Life is a long journey of personal development. One can always grow and get better. Struggling in his business to make sales, natural introvert Ron Hori learned to be comfortable speaking to groups of people and socializing. Showing how introverts can rock sales, he shares the advantages introverts have in a sales situation and how he developed more confidence, becoming one of Eric Lofholm’s best students ever, a sales trainer, and a representative of ELI’s global sales training company. Ron also shares the skills he teaches his clients to help them face their challenges with closing.
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From Being A Natural Introvert To Being Successful In Business With Ron Hori
I want to remind you to go over and take the Promote Profit Publish Quiz. You can find that at www.PromoteProfitPublishQuiz.com. Find out where your skillset lies and where you need to improve. You’re going to want to take a look at that quiz and find out what you need to plan for 2020. I’m excited about our guest. I know you’re like, “I hear this every time. Say something different.” One of the things that I hear over and over from people is how introverted they are. Then they have to go out. They become entrepreneurs and they have to sell, and how terribly scary that is. My guest is Ron Hori. He is a natural introvert who learned how to be comfortable speaking to groups of people and socializing. He struggled at the beginning of his business to make sales and learning that selling is a learned skill. He can relate to introverts who are struggling in sales because he’s been there. He’s done this himself.
He’s been a sales trainer since 2012. He represents Eric Lofholm International also known as ELI, a global sales training company. He enjoys working with people. Not only to find out their ideal customer to elegantly make more sales. He’s had a twenty-year career in high tech project management and software development and support. From the company he was at, he took a package to leave to focus on sales more in his home business. He has basic and advanced software sales skills. After twelve months, he was invited to be an independent sales trainer by the president of the company. That’s how much he improved over time. He went to college at UCLA. He went to the University of Hawaii and graduated from UC Santa Cruz with a degree in Psychology and has spent four years in the US Air Force where he learned computer programing. That led him to his career in Silicon Valley. Welcome, Ron.
Let’s rock and roll.
That’s pretty interesting the way that you got from where you were. I would imagine being in high tech that there were a lot of introverts or if not introverts, at least overly analytical software programmers who weren’t eligible to sell.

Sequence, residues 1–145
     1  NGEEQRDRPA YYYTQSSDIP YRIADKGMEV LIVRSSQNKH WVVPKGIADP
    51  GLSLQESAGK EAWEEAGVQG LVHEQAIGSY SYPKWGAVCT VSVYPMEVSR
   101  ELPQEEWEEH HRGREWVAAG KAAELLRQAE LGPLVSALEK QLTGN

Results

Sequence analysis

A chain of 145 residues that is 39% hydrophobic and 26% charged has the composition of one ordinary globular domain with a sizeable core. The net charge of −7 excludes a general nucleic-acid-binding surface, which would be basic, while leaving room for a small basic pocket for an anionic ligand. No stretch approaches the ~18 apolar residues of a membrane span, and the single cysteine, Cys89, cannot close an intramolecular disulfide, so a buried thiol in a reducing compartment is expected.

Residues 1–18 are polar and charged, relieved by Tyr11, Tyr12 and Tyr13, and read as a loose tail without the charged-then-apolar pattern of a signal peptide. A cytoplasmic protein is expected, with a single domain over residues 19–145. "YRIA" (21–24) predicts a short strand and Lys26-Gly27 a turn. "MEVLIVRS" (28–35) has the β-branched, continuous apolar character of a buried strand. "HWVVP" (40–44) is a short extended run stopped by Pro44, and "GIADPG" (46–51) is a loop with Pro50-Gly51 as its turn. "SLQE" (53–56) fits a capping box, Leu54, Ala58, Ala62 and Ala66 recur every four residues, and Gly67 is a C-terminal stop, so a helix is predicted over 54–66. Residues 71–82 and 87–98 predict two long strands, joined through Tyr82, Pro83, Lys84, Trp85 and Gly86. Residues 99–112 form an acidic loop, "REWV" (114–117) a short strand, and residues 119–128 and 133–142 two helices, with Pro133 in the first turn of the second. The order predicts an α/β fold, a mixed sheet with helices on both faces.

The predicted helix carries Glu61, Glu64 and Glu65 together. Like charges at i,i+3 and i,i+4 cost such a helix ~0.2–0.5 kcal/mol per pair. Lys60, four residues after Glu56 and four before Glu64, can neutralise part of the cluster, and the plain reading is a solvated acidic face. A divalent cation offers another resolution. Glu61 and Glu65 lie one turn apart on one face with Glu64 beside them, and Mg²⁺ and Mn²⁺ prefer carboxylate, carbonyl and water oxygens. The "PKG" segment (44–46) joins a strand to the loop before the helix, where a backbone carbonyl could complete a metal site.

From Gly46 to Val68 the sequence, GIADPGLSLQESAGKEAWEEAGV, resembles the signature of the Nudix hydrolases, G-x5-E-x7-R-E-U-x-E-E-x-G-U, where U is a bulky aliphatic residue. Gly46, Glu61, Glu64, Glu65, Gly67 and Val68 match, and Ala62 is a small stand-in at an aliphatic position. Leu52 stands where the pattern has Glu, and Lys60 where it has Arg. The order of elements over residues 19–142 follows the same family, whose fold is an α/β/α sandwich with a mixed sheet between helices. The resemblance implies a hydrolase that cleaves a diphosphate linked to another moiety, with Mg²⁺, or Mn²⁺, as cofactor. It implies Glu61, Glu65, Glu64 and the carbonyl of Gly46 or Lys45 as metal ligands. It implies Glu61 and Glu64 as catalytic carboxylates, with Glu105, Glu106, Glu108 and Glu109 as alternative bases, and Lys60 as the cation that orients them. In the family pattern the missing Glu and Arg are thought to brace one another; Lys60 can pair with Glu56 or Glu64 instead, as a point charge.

That’s true. When I was in high school, I was good at math and science. I thought, “I’ll major in Engineering in college.” I have quite a strong analytical streak. Sometimes I say I’m a recovering analytical. I have to remind myself to stop at a certain point when I get too deep. Let’s say I’m creating a PowerPoint and I’m saying, “I don’t need to adjust this font. I don’t need to adjust these colors. Stop, it’s good enough.” I was wrong about people who were geeks and nerds in a nice way, skilled and technical. When I was working in Silicon Valley in high tech, I was not in sales or in marketing. I can briefly tell you a story when I was in grammar school, middle school and high school how I had to break out of my shell. When I was in high tech, I was part of the analytical genre in terms of coding skills and project management. It had nothing to do with sales at all. It is definitely a learned skill.
I was at an entrepreneur event where people are talking about their new inventions. A metallurgical engineer walked up and started telling me about how he designed the electrical motherboard or whatever it was. I was like, “Where are the cookies?” I’m sure that amongst themselves this is an interesting conversation but it wasn’t for me. When you say you’re a natural introvert, how did that lead you to sales? That seems it’s the polar opposite of being an introvert.The number one way to develop more confidence is to learn public speaking. Click To Tweet
It starts back when I was in grammar school and junior high. One thing I learned is there’s a difference between being an introvert and going to what advantages introverts have in a sales situation. There’s a difference between being an introvert and being shy. Shy means you have anxiety being around people. I was like that when I was young. I didn’t have many friends when I was growing up in elementary school. I would have this queasy feeling in my stomach when I’m talking to people. I was socially inept. When I was in high school, I was a year younger than everybody else when I was in high school. Back in those days when I was in elementary school, they advanced me half a year twice. Let’s say you’re fourteen years old. If you’re a year younger than everybody else in high school it makes a difference. It’s not such a big deal let’s say if you’re in your twenties and you’re a year younger than somebody else.
I had this terrible anxiety about talking to people especially when I was in high school. Talking to girls totally terrified me. I felt like I was trapped in this box and I hated that feeling. I said, “I want to go on a date, maybe even get a first kiss.” It was through sheer will power. I can remember times where I would dial a girl on the phone. It would go ring and I would hang up because they answered. I was, “What am I going to say?” I said, “It’s 9:00, it’s too late to call.” I stopped. I said, “I need to get over this.” Finally, I dial the phone and let it ring. The girl answered and I said, “Hi. This is Ron.” They said, “Ron, how are you?” We chatted and then I had a nice conversation. I hung up and I said, “That wasn’t so bad.”